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Ferntree Gully Corps unveils recipe for community resilience


Volunteers (from left) Mareta Williams, Fran Mandergeddes and Dameon Ford with Ferntree Gully Corps Officer Major Rosie Massey inside the corps’ new food pantry.

BY TYLER WRIGHT*

Despite a recent setback, Ferntree Gully Corps in Victoria is still giving back to the community after launching an emergency relief food pantry.


The pantry stocks canned goods, drinks, snacks, and non-perishable items like milk and yoghurt in an on-site fridge, with the service accessible to those in need.


Corps Officer Major Rosie Massey said an after-hours pantry was set up outside the church building in Melbourne’s outer eastern suburbs in May 2023, but demand soared, so a permanent pantry has now been set up.

 

“In the past, we were able to provide emergency relief to members of our community here on a Wednesday through what was known as our mini market,” Rosemary said.

 

“The mini market was a wonderful concept that helped people to get some food, much like food hackers on a weekly basis. However, there wasn’t really a great variety, and we were seeing the same people every single week and felt that we really needed to [meet their needs] as much as we could.

 

“[The external food pantry is] accessible 24/7, and we have noticed since May that it’s getting continually used and even more so since these last two months, so much so that we’re now having to stock it twice a day, and we’re having four to six people come each day to access that pantry.”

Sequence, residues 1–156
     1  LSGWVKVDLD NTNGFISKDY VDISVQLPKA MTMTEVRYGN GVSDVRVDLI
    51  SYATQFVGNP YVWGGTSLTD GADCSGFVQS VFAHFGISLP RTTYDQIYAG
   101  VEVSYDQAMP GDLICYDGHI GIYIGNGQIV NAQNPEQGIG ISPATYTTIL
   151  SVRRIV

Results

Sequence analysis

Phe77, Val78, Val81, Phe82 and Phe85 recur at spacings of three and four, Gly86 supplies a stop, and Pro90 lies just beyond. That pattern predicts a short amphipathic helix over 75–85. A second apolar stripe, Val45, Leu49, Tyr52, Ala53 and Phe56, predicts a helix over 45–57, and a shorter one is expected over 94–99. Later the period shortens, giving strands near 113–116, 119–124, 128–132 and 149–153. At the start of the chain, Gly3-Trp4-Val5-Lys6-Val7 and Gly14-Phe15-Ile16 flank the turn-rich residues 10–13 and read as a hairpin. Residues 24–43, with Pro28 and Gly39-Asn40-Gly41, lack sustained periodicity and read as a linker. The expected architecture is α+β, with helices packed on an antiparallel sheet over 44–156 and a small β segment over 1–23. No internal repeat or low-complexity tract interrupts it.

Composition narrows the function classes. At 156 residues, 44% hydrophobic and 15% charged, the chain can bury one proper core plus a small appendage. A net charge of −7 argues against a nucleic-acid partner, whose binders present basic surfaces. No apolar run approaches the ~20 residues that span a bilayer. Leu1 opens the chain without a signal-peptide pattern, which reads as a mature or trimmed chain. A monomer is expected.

The food pantry remains stocked through funds raised from the Red Shield Appeal and donated items from church members, FoodBank and the Rotary Club of Ferntree Gully.

 

The permanent pantry opened on Wednesday 7 February, and visitors can access free food, perishable items, cleaning products and personal items.

 

“Given the way that things are in this day and age, we all know the cost of living is not going down anytime soon,” Rosie said.

 

“We’re hoping to be able to provide the best support that we can to make it fair for everyone. We’ve seen people that are not just on Centrelink; they’ve got a mortgage and two jobs, and they’re just not making ends meet.”

 

Rosie said those who visit are given an interview to determine their needs.

 

“We also have the capacity to hand out vouchers,” she said. “We can decide whether they need to come weekly or whether they’re actually able to come fortnightly or hopefully monthly, depending on their circumstances.” 


The church’s trailer, used to transport food donations, was recently stolen from its shed.

It comes as the corps battles extra costs of its own, with its shed broken into only days before the launch of the pantry and thieves stealing the church’s valuable trailer, used to pick up donations from FoodBank. Also stolen were gardening tools and a TV stored in the shed owned by a community member.

 

Rosie said it was “quite a shock” to receive a call from a local church member alerting her they had been robbed.

 

“I came down, and our trailer, which is vital for our work, was gone,” she said. [It was] very disheartening because we’re here to try and support the community.”

 

Unsure of when the trailer will be replaced, the sliding doors to the garage were also damaged, creating an extra cost.

 

Despite the adversity, Rosie said the corps will continue servicing its community “no questions asked”.

 

*Story courtesy of the Star Mail, Ferntree Gully.

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